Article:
This past week, a couple of incidents helped renew my faith in the basic goodness of human nature, despite the deranged actions of the brothers who bombed the Marathon. On Wednesday, we went into Boston to see the Big Apple Circus, the first time I have seen a real circus since I was a kid. It was a real blast. On our way in, we parked in a garage near City Hall, but because of the events of the previous week, there was a policeman monitoring all the cars entering the garage. He began talking to us amiably, and when we thanked him for all the police had done in the aftermath of the bombing, his response was, "You people are great!". We were puzzled at first, but then we found out he was a New York cop who came to Boston after the Marathon to help, and he really liked the people in Boston he had met. We had a wonderful conversation.
This was a little hard for me to take in. After all, he was from the home of the Evil Empire, the hated Yankees, not to mention the (ugh) Jets, and the (gasp) Giants. The Yankees even played the Red Sox theme song, "Sweet Caroline" at their next home game after the bombing. Aargh! What was I to do with this? Where is the room for hate? How could I look at a "Yankees Suck" bumper sticker after this without some feeling of shame? Now that I know that the bomber brothers were planning to go to New York next to blow up Times Square, there is kind of a newly-sprung bond between the cities now. Not that I would rush out onto the field to give ARod a hug or anything, but the world is full of some really good people, even New York. ;-)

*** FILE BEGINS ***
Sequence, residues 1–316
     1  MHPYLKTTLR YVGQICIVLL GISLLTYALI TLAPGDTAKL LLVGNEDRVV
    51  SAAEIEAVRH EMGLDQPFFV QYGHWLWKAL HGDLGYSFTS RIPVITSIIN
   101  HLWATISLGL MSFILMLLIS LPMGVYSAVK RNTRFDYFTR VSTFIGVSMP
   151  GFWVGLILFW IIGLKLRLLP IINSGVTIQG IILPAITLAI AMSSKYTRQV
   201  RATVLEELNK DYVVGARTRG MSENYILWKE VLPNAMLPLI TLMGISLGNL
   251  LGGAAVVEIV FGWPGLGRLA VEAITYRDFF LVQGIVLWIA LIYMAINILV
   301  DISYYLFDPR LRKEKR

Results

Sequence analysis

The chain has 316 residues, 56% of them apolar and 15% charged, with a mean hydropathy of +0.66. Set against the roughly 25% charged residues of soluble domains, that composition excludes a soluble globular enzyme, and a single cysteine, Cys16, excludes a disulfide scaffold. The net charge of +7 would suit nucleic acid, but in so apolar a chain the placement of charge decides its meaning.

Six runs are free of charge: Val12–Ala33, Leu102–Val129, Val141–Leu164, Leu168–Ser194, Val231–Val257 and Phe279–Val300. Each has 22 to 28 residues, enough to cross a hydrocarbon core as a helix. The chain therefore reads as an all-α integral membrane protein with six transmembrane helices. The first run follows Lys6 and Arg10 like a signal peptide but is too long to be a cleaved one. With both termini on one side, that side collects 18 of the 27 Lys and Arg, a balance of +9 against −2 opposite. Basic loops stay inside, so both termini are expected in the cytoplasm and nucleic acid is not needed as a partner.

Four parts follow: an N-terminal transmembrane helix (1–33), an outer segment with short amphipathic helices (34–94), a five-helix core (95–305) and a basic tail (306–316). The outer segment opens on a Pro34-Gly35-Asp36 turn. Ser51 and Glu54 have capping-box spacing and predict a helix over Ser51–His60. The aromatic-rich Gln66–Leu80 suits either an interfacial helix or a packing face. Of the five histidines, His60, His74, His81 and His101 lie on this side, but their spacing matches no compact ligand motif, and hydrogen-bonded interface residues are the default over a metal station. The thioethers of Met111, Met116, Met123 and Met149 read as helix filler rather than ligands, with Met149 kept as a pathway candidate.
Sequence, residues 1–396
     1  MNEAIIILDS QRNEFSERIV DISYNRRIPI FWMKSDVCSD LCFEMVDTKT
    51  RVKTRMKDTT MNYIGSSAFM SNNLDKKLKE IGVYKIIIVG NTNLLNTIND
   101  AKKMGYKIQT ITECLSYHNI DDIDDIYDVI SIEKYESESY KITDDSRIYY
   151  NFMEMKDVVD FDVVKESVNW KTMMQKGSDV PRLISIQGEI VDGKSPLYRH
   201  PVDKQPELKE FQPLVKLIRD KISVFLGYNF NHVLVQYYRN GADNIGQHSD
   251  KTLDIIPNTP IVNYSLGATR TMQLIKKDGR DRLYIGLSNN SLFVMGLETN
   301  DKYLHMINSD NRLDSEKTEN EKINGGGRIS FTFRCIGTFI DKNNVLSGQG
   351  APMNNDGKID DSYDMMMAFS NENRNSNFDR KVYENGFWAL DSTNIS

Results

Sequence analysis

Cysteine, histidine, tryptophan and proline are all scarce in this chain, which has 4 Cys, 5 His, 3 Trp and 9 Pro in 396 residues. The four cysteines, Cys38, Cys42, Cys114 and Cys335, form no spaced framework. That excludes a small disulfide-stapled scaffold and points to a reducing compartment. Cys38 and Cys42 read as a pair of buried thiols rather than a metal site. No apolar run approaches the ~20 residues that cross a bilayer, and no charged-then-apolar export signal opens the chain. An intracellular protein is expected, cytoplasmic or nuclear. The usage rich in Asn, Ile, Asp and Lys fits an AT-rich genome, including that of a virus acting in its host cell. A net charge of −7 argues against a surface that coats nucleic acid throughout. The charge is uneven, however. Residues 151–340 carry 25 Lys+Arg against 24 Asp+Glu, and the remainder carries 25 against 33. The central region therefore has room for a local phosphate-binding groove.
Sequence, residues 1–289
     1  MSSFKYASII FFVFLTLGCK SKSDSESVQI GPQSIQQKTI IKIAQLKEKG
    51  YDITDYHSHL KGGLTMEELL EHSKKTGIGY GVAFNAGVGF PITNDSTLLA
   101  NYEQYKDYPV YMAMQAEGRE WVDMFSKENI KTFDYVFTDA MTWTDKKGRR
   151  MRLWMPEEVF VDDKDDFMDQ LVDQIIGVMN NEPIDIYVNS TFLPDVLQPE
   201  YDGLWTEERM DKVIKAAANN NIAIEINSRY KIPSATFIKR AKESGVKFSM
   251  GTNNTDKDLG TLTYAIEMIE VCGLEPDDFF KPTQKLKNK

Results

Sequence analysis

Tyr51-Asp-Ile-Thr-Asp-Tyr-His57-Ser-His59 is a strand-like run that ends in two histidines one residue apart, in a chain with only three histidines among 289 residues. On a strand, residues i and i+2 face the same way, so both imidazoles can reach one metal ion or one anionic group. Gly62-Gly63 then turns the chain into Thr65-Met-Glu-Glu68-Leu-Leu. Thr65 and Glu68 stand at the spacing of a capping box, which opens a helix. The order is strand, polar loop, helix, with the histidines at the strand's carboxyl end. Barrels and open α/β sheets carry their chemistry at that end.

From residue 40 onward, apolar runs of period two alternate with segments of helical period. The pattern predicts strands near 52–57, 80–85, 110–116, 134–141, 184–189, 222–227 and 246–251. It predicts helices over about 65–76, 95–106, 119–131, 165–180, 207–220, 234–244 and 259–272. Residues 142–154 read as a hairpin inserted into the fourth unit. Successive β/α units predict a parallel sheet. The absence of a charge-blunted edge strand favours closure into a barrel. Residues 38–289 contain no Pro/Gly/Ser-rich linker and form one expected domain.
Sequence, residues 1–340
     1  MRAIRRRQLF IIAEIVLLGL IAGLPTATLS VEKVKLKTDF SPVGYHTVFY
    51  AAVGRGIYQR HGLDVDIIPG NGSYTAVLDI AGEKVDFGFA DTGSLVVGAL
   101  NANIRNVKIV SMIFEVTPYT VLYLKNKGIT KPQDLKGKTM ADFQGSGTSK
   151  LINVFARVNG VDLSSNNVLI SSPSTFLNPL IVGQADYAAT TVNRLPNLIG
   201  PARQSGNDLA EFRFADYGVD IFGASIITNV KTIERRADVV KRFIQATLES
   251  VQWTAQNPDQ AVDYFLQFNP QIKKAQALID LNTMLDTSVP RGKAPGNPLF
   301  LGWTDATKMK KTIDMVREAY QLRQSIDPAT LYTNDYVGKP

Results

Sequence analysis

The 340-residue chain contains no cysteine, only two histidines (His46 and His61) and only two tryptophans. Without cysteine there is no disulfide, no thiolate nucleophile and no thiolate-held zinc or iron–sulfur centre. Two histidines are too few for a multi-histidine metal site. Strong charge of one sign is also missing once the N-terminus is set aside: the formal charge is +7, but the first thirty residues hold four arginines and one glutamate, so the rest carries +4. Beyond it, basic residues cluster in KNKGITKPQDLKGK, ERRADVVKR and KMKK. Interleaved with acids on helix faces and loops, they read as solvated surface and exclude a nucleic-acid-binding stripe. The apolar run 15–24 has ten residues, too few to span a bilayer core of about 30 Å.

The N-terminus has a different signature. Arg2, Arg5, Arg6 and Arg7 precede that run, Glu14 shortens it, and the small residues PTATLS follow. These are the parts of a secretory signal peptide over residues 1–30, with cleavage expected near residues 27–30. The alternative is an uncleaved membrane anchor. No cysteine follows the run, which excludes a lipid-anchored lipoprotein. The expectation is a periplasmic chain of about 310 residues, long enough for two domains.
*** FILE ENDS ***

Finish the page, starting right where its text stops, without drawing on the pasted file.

Then today, we met a young 21-year-old waiter named Patrick at the Beach Coma (catch that Boston accent?) restaurant on Plum Island. It was a beautiful day and he was so happy, outgoing and convivial. It was clear that for him, today was a great day to be alive. Talking to him further, we found out that he is legally blind and has serious leg problems, as well as nerve damage to his arms and hands. It turns out he was a victim of Lyme Disease at the age of 14, which left him permanently damaged. It took the doctors a year and a half to properly diagnose him.
Don't get me started on Lyme Disease! The medical community really sucks on this one. Their ignorance on this is shameful and inexcusable. Having gotten Lyme Disease twice, I have personal experience of their ineptitude. I have vented on this subject before, so I won't go on, but here is just another sad consequence of their willful ignorance of this pernicious disease. When Patrick was finally diagnosed, he needed a central catheter to deliver antibiotics directly into his heart to help him recover.
One might think that he would be somewhat embittered by his fate. But not so. Gretchen told him she believes everything happens for a reason, and he totally agreed. Before his sickness, he was a hockey player, but when he couldn't do that any more, he turned to music, which is now his first love. He feels it was meant to be. Talk about the power of positive thinking! Here was a nearly blind, partially crippled young man who was happy and exulting about just being alive on this beautiful day.
Attitude is everything. Gretchen's quick recovery from her brain injury was helped immensely by her positive outlook. And for myself, I have always had an optimistic outlook on my condition.
When I was a kid, I was different. Whenever I got sick, I used to whine, "Why did this have to happen to me?" I was a little spoiled brat back then. If could go back, I would smack myself upside the head. Fortunately, I outgrew that childishness. Since my diagnosis with Multiple Myeloma, I never have defined myself solely as an MM patient, but rather I am just a person who happens to have MM. It's a big difference. It is just something to deal with as best I can. I don't mean to imply that I am doing well right now because of a good attitude. No, I give the Farber credit for that. But I never succumbed to a "poor me" attitude. The glass is half full. Regardless of what happens, I plan to live whatever days I have left to the fullest. I hope I can always be like Patrick.